A lack of oversight can quickly devolve into chaos – this applies to everything, including asphalt parking lots. You might not give a second thought to a building’s parking lot, so long as you’re able to access it without a major problem. If, however, a facility manager loses sight of relevant parking lot regulations, their lot might not be optimized or even safe for regular use – this is why governmental institutions create strict guidelines for parking lot construction and maintenance. Many of these rules differ from state to state. Massachusetts has its own set of standards for its asphalt surfaces. And if you’re in charge of overseeing a government building, it’s even more important to understand and adhere to these regulations.
With that in mind, here are some parking lot asphalt paving specifications to know about that will keep your government building up-to-code.
Parking Lot Asphalt Paving Specifications That Will Keep Your Government Building Up-to-Code
If the asphalt paving parking lot is too thin, it can quickly lose its shape and integrity. Therefore, the Department of Housing and Community Development (DHCD) in Massachusetts recommends that roadways and parking lots adopt a course thickness as follows:
- 12 inch processed gravel or reclaimed paving base course
- 2 inch binder course
- 1 inch finish course
- 12 inch processed gravel or reclaimed paving base course
- 1-1/2 inch binder course
- 1-1/2 inch finish course
Moreover, the DCHD notes that mix designs must be provided during the submittal process during construction, and that any mixtures brought to the site be, “...accompanied with a certificate of compliance provided by the asphalt batching plant and countersigned by the paving contractor.”
The Right Materials
As alluded to above, the materials used for asphalt paving have a significant bearing on compliance, too. The DHCD states that paving materials must comply with the Standard Specifications for Highways and Bridges of the Department of Public Works of the Commonwealth of Massachusetts (latest edition). Here’s how this organization lays it out:
- Subgrades must be either Type 1, 2, 3, or 4 in accordance with related specifications
- Sub-bases must be Type 6 screened gravel in accordance with related specifications
- Binder courses must be Class 1 bituminous concrete base course type I-1 per Massachusetts State Highway Specifications, (current edition)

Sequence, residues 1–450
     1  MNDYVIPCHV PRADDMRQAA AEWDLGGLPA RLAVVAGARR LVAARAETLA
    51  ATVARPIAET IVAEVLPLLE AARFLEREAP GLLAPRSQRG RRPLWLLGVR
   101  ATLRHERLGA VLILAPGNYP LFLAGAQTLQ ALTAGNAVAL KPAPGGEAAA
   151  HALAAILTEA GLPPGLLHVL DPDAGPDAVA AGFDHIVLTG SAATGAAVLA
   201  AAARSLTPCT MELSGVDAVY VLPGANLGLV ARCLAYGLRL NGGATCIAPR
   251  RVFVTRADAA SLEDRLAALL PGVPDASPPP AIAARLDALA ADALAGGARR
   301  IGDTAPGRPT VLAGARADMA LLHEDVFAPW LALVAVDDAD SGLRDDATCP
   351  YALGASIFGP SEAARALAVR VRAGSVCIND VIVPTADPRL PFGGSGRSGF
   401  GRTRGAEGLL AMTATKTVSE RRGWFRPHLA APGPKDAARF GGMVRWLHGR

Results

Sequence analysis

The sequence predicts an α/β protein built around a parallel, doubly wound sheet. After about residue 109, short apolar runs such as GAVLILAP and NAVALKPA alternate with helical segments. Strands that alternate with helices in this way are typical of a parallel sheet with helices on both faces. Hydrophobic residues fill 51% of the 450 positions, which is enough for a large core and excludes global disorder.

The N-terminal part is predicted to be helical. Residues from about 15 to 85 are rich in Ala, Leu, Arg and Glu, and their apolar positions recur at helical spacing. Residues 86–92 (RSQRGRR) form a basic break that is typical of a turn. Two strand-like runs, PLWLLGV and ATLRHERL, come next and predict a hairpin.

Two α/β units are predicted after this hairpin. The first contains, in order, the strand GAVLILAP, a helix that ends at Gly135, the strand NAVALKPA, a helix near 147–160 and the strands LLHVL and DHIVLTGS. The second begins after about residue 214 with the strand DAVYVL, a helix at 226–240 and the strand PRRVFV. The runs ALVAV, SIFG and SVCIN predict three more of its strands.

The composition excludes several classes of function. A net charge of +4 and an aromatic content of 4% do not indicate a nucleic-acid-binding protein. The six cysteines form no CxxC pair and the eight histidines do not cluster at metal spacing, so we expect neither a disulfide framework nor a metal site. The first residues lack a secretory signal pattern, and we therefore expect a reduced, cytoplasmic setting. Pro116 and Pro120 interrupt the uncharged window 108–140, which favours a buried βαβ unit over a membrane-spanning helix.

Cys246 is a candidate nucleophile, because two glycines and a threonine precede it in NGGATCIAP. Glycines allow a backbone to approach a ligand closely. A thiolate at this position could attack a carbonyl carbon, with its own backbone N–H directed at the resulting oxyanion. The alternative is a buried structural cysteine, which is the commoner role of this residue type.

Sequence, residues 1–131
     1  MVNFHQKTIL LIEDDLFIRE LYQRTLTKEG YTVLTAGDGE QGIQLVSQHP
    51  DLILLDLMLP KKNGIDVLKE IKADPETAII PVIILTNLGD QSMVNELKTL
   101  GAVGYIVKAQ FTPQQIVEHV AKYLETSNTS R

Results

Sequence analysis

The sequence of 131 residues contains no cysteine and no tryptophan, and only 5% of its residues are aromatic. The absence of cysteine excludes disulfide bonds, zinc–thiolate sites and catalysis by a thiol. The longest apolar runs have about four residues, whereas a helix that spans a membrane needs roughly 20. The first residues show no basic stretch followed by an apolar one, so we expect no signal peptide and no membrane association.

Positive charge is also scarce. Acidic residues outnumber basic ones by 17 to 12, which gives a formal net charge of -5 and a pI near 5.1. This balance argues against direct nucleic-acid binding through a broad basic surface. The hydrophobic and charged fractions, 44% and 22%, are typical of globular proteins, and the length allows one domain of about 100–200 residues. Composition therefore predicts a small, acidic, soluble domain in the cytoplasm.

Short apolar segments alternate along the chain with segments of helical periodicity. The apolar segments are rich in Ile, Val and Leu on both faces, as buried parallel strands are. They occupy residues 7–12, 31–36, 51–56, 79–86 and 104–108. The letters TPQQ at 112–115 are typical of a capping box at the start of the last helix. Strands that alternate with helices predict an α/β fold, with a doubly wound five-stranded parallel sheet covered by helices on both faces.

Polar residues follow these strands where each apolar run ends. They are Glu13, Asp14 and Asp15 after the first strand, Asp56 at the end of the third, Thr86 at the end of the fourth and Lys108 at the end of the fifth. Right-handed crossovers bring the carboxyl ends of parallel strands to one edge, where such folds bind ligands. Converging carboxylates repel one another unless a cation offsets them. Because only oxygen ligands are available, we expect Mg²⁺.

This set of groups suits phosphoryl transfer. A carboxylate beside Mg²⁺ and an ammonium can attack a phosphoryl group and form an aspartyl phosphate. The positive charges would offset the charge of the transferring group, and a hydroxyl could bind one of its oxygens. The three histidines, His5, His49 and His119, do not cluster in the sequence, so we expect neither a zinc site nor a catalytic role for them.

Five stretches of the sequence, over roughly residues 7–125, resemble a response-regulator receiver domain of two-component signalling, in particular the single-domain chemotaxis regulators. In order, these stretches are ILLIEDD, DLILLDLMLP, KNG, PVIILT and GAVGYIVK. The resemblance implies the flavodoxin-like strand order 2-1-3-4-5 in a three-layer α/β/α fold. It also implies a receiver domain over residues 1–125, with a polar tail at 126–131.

- Finish courses must be Class 1 bituminous concrete pavement per the Mass. Highway Specifications (current edition)
- Curbs may be vertical granite or Cape Cod bituminous asphalt (vertical bituminous curbs will only be permitted in to match existing curbing)
A parking lot is not complete nor safe until it has been properly marked with visible and optimally-spaced lines, colors, and symbols. The DHCD notes that these markings can be painted or composed of thermoplastic, so long as they delineate on-site parking and handicap parking spots.
This specification follows directly from the previous one. Put simply, people (regardless of mobility status) must be able to safely and easily enter, park on, and exit the lot. According to Massachusetts regulations, “...parking lots shall be located to the rear and sides of the buildings with only visitor, handicapped, and preferential parking situated within the Front Yard setback. Preferential parking includes spaces for electric, hybrid, and alternative fuel vehicles, carpools, vanpools, and other ridesharing vehicles. Parking allowed in the front of the building shall be limited to 10% of the required parking spaces in accordance with 974 CMR 3.04(3)(a)1.f. The remainder of the parking serving the project shall not be located in front of the building facade.”
Moreover, parking spaces must maintain the proper dimensions, which in this case are no less than 9’ wide and 18’ deep. Spaces for compact cars can be smaller at 8’ x 16’. And aisles must be at least 24’ wide. The placement and dimensions of handicapped spaces must conform to 521 CMR: Architectural Access Board – as for their number, this is determined by the total number of parking spaces required for a given building.
To keep your government building up-to-code with Massachusetts parking lot specifications, you must also pay attention to landscape components. Not only is it crucial to minimize harm to the natural environment – landscape islands can become an ally when it comes to drainage and shading. With this in mind, the state has detailed asphalt parking lot paving instructions on how to properly implement landscape islands for both sustainability and functionality. See: “Parking lots shall extend no more than 180' in either length or width without a landscaped island and a pedestrian connection through the parking area and previous landscape island(s) that is a minimum of 5' wide and bordered by 3" caliper deciduous shade trees planted a minimum of 40' on center…”
More details on these specifications (and more) can be found here.
Keep Your Pavement Compliant
There’s a lot more to building and maintaining a parking lot than merely paving asphalt on a given plot of land. Attention must be paid to the pavement’s thickness, composition, visibility, accessibility, and relationship to its natural surroundings. Following the relevant regulations mandated by your local government (whether town, city, or state) will ensure that you stay up-to-code whenever paving, repairing, or resurfacing your lot. To make things even easier, the experts at Cassidy Paving are pre-qualified with the Massachusetts Department of Transportation, which means we’re already well-versed in these rules and regulations.
Call us today at 866-978-9788 to learn more about our various government and commercial paving projects and to receive a free estimate on your next asphalt project.